Monday 16 January 2023

Go modules and forks

I'm tinkering with a Go project ( let's call it foobar ), which has a dependency upon yet another Go project ( let's call it snafu )  in the same organisation.

For the moment, I've got a fork of snafu in my own org - david-hay - and wanted to update go.mod in the foobar project to leverage it.

I knew I had to update go.mod either manually or use go mod edit --replace source=target but couldn't get past the exception: -

go: unversioned new path must be local directory

It turned out, as ever, that I was holding it wrong ...

I needed to explicitly provide a "version" - in this context, that was a branch e.g. main at which to point the target during go mod edit --replace like this: -

go mod edit --replace

In other words, the right-hand side of the --replace directive needed to include four things: -

- domain e.g.

- organization e.g. david-hay

- project/repo e.g. snafu

- branch e.g. main

like this: -


replace => main

When I then ran go mod tidy, this went off to GitHub and pulled down the latest release from that branch in my fork: -

go: downloading v1.11.39-0.20230116121922-46267d910e38

and updated go.mod with: -

replace => v1.11.39-0.20230116121922-46267d910e38

In other words, it replaced the branch with the release ... which is nice

With thanks to this: -

Pointing to a fork of a Go module

Friday 13 January 2023

Fun with Git and branching

In very brief terms, I hit an issue last week where I'd created four branches in a repo, having cloned the main branch of the upstream repo.

Therefore, I'd done something like this: -

git clone -b main

cd ~/foobar

git fetch origin && git rebase origin/main

to bring the main branch down to my Mac.

I'd then created my first branch: -

git branch dave1

git switch dave1

and added/changed some code, committed it, and pushed my new branch upstream.

I then went ahead and created a second branch: -

git branch dave2

git switch dave2

git fetch origin && git rebase origin/main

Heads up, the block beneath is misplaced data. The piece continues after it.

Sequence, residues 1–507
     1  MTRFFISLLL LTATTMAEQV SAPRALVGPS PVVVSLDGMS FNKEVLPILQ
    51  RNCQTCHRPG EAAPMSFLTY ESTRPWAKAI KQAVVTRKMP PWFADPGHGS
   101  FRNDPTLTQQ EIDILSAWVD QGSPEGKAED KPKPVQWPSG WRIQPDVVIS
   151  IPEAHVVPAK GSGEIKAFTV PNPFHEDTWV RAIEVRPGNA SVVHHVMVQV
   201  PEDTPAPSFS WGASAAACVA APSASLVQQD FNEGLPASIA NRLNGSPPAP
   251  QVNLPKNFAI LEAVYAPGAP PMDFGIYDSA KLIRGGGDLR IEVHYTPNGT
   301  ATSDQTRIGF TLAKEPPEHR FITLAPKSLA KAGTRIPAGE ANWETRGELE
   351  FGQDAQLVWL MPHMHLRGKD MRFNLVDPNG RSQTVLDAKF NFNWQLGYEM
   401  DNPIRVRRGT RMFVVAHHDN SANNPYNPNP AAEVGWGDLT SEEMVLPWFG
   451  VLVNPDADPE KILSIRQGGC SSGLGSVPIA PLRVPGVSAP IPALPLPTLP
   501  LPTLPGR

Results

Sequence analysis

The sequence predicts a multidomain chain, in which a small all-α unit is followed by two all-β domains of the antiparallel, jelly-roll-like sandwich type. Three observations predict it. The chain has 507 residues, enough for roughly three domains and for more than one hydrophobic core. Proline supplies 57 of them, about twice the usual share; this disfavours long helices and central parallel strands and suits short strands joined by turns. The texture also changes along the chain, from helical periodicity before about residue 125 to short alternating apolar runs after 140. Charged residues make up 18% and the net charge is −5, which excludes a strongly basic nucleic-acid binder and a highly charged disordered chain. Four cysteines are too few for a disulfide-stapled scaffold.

and again added/changed some code, committed it, and pushed the new branch upstream

All seemed fine ...

And I did the same for two more branches - dave3 and dave4 - with a PR for each branch being reviewed/approved and merged into main.

And then I found, when merging in separate Pull Request, that my changes from dave2 overwrote the changes made in dave1.

Which was weird....

A colleague helped explain ...

I see the 4 PRs were created from a shared branch instead of independently being created from main. That could explain the unexpected behavior where they kept rewriting each other. 

He went onto explain how to avoid the issue ...

When you run git checkout -b branchname it creates a branch branching off of your current branch.

I am used to running git checkout main; git checkout -b branchname to ensure my branches are direct branches off of main. That helps rebase them based on other PRs merging to main.

which worked a treat

So, now I've learned this, and am trying hard to add this to my "muscle memory" ...

git clone -b main

cd foobar

git fetch origin && git rebase origin/main

git checkout main; git checkout -b dave1


We shall see if that sticks ....

Visual Studio Code - Wow 🙀

Why did I not know that I can merely hit [cmd] [p]  to bring up a search box allowing me to search my project e.g. a repo cloned from GitHub...